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    2. I truly understand, My husband is diabetic, and it's almost impossible for him to follow the strict fast every day and keep his blood sugar stable and healthy. We end up fasting strictly only a few days a week in order to keep his sugars where they need to be. My priest growing up did a great job of communicating that fasting is never, never supposed to compromise your health, and some people need to "break the rules" in order to maintain their health.

      If someone says you're not really fasting, then shame on them. It's absolutely none of their business, and they're wrong to boot.

      A priest at church camp told me many years ago that life would be simpler and better if all of us focused primarily on what we each needed to do to ensure our own personal salvation. I often reflect on that at times like this. Does it advance my own salvation if I criticize my sister's fast? Nope. Better keep my mouth shut. :)

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  8. As a Latin-rite, unless you 'blow a trumpet' about it, who will really notice you're eating a fish as your main course or meatless meals on Fridays during Lent? Not to mention I've seen quite a few fast food places advertise fish sandwich specials during that time period.

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    1. It's always been impossible to keep it "secret" in the offices I've worked in for the last 15 years, first in corporate finance and now in IT. It isn't a question of "blowing a trumpet". You work in close proximity with either lapsed Catholics or non-Catholic coworkers and it comes up.

      Just the other day I was asked by a Jewish coworker what I was "giving up for Lent". They know I'm Catholic. They know Lent is coming up.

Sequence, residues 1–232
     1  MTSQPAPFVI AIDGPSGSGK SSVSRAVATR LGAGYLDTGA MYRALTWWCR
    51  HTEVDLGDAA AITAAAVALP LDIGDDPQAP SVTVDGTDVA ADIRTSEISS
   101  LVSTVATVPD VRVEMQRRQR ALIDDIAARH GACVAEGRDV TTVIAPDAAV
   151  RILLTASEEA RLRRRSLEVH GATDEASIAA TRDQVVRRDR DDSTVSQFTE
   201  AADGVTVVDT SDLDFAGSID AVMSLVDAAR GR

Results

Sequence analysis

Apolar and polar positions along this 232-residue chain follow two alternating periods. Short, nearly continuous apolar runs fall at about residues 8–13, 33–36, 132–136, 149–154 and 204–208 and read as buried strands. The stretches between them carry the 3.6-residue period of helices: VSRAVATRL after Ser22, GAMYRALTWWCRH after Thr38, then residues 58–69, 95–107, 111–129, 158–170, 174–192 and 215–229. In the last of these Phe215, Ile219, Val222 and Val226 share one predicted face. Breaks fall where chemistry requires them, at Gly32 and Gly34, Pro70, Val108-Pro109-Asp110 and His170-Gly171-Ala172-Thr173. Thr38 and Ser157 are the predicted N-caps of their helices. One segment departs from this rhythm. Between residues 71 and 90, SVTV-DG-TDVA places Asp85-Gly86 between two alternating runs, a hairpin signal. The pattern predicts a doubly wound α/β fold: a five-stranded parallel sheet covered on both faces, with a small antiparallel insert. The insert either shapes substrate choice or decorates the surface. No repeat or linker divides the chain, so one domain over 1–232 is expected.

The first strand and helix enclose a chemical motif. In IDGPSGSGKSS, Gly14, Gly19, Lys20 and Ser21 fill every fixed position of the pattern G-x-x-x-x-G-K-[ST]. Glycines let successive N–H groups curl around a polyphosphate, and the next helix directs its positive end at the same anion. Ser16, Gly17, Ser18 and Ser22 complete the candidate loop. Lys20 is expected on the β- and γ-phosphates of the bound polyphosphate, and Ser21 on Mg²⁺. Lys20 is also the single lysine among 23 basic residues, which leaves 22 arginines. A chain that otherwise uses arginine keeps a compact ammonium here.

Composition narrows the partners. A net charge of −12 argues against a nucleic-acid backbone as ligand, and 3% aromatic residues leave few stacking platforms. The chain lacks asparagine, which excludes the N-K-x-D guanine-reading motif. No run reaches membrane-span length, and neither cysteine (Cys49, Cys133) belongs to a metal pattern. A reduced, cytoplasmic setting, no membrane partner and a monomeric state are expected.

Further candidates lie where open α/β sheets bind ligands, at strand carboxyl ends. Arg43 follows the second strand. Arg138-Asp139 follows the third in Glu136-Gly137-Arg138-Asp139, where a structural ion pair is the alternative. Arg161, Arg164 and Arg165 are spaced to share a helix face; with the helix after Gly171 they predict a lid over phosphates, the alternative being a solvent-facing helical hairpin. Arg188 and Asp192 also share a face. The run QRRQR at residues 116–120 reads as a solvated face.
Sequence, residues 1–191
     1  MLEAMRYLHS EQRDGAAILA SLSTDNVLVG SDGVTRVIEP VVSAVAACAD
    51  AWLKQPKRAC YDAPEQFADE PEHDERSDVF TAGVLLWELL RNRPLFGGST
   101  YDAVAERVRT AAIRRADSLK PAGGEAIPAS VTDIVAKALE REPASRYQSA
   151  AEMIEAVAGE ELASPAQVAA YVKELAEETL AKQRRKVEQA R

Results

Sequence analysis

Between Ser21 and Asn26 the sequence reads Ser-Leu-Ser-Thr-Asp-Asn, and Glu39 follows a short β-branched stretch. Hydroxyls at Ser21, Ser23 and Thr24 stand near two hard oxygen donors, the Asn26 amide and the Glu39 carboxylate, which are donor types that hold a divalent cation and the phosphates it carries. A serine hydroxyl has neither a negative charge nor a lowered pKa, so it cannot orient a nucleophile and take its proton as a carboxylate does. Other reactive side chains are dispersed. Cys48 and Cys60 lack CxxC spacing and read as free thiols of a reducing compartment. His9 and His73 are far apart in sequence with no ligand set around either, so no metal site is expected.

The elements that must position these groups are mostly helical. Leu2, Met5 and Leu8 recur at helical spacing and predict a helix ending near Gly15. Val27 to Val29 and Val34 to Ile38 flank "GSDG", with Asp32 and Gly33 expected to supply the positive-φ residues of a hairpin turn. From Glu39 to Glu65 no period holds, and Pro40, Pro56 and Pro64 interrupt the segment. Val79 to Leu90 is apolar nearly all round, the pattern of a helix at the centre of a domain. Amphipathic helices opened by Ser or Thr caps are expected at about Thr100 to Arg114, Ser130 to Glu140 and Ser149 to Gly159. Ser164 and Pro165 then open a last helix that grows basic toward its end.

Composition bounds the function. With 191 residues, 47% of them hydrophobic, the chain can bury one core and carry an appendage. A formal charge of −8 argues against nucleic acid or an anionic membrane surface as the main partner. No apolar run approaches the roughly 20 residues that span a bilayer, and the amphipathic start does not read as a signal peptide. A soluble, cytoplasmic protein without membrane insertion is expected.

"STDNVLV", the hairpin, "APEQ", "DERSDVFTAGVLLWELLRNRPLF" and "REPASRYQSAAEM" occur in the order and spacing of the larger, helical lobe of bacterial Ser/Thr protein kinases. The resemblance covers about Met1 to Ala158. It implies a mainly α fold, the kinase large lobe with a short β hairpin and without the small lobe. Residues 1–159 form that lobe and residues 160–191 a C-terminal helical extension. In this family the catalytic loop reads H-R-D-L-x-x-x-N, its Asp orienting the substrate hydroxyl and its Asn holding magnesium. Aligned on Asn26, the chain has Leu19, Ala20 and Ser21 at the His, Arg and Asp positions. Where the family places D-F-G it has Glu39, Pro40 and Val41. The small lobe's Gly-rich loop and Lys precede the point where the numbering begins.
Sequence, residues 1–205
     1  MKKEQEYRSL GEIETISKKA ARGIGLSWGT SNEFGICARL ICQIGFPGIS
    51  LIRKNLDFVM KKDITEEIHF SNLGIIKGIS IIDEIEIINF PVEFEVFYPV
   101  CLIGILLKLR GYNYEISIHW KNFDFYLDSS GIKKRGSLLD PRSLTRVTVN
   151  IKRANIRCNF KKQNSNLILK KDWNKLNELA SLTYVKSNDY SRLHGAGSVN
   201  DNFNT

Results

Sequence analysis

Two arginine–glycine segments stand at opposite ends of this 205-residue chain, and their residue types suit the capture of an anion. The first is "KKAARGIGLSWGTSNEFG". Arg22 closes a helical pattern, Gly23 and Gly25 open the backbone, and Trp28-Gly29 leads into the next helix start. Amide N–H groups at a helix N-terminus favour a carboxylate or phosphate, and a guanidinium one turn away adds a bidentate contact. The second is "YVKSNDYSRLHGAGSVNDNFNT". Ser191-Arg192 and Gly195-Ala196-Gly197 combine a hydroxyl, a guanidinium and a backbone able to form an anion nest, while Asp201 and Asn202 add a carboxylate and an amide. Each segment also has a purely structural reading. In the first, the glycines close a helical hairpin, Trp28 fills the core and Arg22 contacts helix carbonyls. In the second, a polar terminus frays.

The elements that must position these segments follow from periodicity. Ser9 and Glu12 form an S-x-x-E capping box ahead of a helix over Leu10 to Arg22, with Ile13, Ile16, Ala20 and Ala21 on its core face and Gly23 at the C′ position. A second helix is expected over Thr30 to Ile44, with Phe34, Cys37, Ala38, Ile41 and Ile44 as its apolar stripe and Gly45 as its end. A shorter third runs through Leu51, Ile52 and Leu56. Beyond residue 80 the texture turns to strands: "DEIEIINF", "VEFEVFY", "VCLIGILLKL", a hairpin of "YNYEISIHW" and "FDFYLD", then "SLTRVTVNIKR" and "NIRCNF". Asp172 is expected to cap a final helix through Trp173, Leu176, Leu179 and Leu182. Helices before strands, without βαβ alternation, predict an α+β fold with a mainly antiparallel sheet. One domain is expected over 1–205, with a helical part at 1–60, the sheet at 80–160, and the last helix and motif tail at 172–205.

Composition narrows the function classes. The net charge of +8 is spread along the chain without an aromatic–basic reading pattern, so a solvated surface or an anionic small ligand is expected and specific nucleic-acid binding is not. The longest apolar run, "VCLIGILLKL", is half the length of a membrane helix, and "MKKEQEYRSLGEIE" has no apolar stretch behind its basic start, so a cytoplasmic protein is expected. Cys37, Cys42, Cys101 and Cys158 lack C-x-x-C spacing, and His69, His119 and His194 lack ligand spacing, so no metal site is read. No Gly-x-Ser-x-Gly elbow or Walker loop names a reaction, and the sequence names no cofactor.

And, while some places do fish during Lent, most BBQ joints don't nor do many Tex-Mex places. So, sometimes I'll demur on going to lunch with the group. Sometimes, like when my boss insists on taking the team out, I politely eat what I can and, if that includes meat and it happens to be Friday, I accept the offered food with gratitude and don't make an issue of it.

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  9. I don't think it's a matter of understanding why we fast on Sundays but accepting that is the Tradition.

    I don't think it's a matter of comparing the East to the West but rather comparing the Western traditions to the current practices in the West. The Western Church has lost so much by abandoning its traditional Fasting disciplines.

    I know many Orthodox are judgmental about the fasting practices in the RCC but it's hard not to get frustrated when you realize how little the average faithful Roman Catholic understands about fasting. Most don't even know that their own Church has a fasting tradition of its own. I see RCs online talking about giving up gluten for Lent or doing a Whole30 and I think that they don't understand fasting. It's not about challenging yourself by giving up bread. Or trying to eat better to improve your health.

    I realize this sounds judgmental and I'll confess that I do not keep the Fast as well as I should.

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  10. Is there a fasting guide for pregnant women? Either Roman or Byzantine. I would like to fast, but it's difficult while pregnant when I want to keep up my blood sugar and energy with other children in the house.

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    1. the comment from Pilgrim below has a great link that might help you- but in general- pregnant women should not fast in the traditional way- you might be inspired to fast from sugary things, etc- but restricting portions and protein sources probably is a bad idea!

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  11. Interesting & pertinent post...Fasting for Non-Monastics
    http://frsergei.wordpress.com/2013/12/27/fasting-for-non-monastics/
    (J. Giunta: Fr. Sergei addresses being pregnant & fasting in the post linked above.)

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  12. This doesn't jive with my experiences growing up Byzantine Catholic in Pennsylvania. Fasting was never discussed and fish was permitted throughout. It was pretty much Roman Catholic Lent started two days earlier, with no dairy on Good Friday or the first day of Lent, and no meat on Holy Saturday. Interesting to learn that other churches prescribe it to be much stricter.